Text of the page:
E341.1.1. Dead grateful for having been spared indignity to corpse. Kind man has given it burial. U.S.: Baughman; Italian Novella: Rotunda; India: Thompson-Balys.
E341.2. Dead grateful for food. N. A. Indian (Canadian Dakota): Wallis JAFL XXXVI 48.
E341.3. Dead grateful for prayers. Tatlock MPh XXII 211f.; Alphabet Nos. 18, 519, 587; Nouvelles de Sens No. 15; Irish: O’Suilleabhain 102, Baughman.
E341.4. Dead grateful for clothes (shirt). Lithuanian: Balys Ghosts.
E341.5. Grateful priest returns to save gambler from devil. Irish: O‘Suilleabhain 36.
E342. Dead return to fulfill bargain. Irish myth: *Cross.
E345. Dead returns to repair injury. Fb “spøgelse” III 521b.
E345.1. Dead returns to replace boundary marks he has removed. (Cf. E416.) *Fb “skjel” III 264a; Tobler 93; England, Wales, U.S.: *Baughman; New York: Miller NYFQ I 105f.; Irish: Beal XXI 310, O’Suilleabhain 33.
E351. Dead returns to repay money debt. Herbert III 96 No. 38; Swiss: Jegerlehner Oberwallis 327 No. 23; cf. French Canadian: Barbeau JAFL XXIX 13; Irish: O‘Suilleabhain 53, 97, Beal XXI 319, 331; Scotland: Baughman; India: Thompson-Balys.
E352. Dead returns to restore stolen goods. *BP III 235; Tobler 65; Fb “gjenganger” I 443b. – Irish: O’Suilleabhain 98, Beal XXI 331; England: *Baughman; Swiss: Jegerlehner Oberwallis 313 No. 80, 327 No. 23.
E353. Dead man asks that certain girl be married to him because in life he seduced her. Lithuanian: Balys Ghosts.
E360. Other reasons for friendly return from the dead.
E361. Return from the dead to stop weeping. *BP II 485; Wimberly 110, 230ff.; Hdwb. d. Märchens I 433a s.v. “Eddamärchen”; Hdwb. d. Abergl. II 831; Legenda Aurea (ed. Grässe) 132; *Fb “hånd” I 765a, “tåre” III 947a, “græde” IV 187b; Dieterich Zs. f. Vksk. XII 147. – Icelandic: *Boberg; English: Child II 234ff., 512., III 513, V 62, 294; Finnish-Swedish: Wessman 2 No. 18; Persian: Carnoy 345.
E361.1. Tear from upper world of mortals falls on departed in lower world. Dead brother sends message of comfort to living. N. A. Indian (Thompson River): Alexander N. Am. 137.
E361.2. Return from dead to give consoling message. Irish myth: *Cross.
E361.3. Dead son tells mother that no mortal escapes death. India: Thompson-Balys.
E363. Ghost returns to aid living.
E363.1. Ghost aids living in emergency. England, U.S.: *Baughman.
E363.1.1. Ghost substitutes for bride on her wedding journey. India: Thompson-Balys.
E363.2. Ghost returns to protect the living. England, U.S., Wales: *Baughman; India: Thompson-Balys.
E363.3. Ghost warns the living. England, Scotland, U.S.: *Baughman.
E363.4. Dead reassures living. England, U.S.: *Baughman.
E363.5. Dead provide material aid to living. England, U.S.: *Baughman.
E363.5.1. Ghost of murdered girl appears and lends jewels needed for a ball in exchange for flowers. India: Thompson-Balys.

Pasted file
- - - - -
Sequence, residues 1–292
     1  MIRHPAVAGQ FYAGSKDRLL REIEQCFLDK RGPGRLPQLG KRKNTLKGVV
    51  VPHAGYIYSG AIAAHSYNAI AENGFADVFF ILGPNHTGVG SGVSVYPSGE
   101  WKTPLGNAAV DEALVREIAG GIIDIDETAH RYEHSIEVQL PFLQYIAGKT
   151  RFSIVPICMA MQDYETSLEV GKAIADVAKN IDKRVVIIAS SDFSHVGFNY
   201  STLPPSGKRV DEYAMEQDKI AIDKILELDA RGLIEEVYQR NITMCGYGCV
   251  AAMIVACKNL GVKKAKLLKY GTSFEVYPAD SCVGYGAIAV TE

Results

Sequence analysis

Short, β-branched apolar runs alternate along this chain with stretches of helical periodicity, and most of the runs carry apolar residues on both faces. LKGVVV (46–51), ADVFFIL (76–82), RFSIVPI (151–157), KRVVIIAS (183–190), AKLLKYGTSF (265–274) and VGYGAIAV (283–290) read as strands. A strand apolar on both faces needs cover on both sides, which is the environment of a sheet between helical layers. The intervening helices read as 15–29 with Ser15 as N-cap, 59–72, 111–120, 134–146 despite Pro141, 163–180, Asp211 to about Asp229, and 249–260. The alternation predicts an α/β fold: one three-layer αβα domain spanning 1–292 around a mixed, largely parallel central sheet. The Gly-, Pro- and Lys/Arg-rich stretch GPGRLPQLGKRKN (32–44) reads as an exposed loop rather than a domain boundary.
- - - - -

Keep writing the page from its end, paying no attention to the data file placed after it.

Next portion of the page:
E363.6. Ghost aids living otherwise. England, Scotland: *Baughman.
E364. Dead returns to say farewell. Lithuanian: Balys Index No. 3502, Balys Ghosts.
E365. Return from dead to ask forgiveness. *Fb “tilgive”, Feilberg DF X 74f; Irish myth: *Cross; Wales, U.S.: *Baughman; Estonian: Aarne FFC XXV 115 No. 13.
E365.1. Return of the dead to grant forgiveness. Italian Novella: Rotunda.
E366. Return from dead to give counsel. (Cf. V229.1.) *Type 510; Irish: *Cross, O‘Suilleabhain 101, Beal XXI 332; Icelandic: *Boberg; Sicilian: Gonzenbach I 10 No. 3; Finnish-Swedish: Wessman 4 no. 29; Jewish: Neuman; India: *Thompson-Balys; Chinese: Eberhard FFC CXX 191; Korean: Zong in-Sob 133ff. – N. A. Indian (Iroquois): Smith RBAE II 104, (Onondaga): Jewitt RBAE XXI 148, 262, (Skidi Pawnee): Dorsey MAFLS VIII 49 No. 10, (Arapaho): Dorsey and Kroeber FM V 49, 259 Nos. 15, 110; Eskimo (Greenland): Rasmussen II 219; S. A. Indian (Brazil): Oberg 110; Africa (Jaunde): Heepe 260, (Fang): Tessman 99f., 173, 193.
E366.1. Laughing skull advises hero. (Cf. E545.) *Cosquin Études 351ff.
E366.2. Hanged man warns youth against visiting sweetheart. Takes youth’s place and receives shot meant for him. Lithuanian: Balys Index No. 3566, Balys Ghosts.
E366.3. Talking bones of eaten man advise hero. India: Thompson-Balys.
E367. Return from dead to preach repentance. Wesselski Arlotto I 201 No. 29; Irish: Beal XXI 332, O‘Suilleabhain 100; Spanish Exempla: Keller; Finnish-Swedish: Wessman 3 No. 23.
E367.1. Person who has spent two years in hell speaks of importance of religious experience. Irish myth: *Cross.
E367.2. Saint returns from dead to give blessing. Irish myth: *Cross.
E367.3. Return from dead to prophesy coming of Christ. (Cf. M363, M364.7.2.) Irish myth: *Cross.
E367.4. Return from dead to convert to Christianity. Irish myth: *Cross.
E367.5. Ghost of woman chides unbeliever. Eskimo (Greenland): Rasmussen III 291.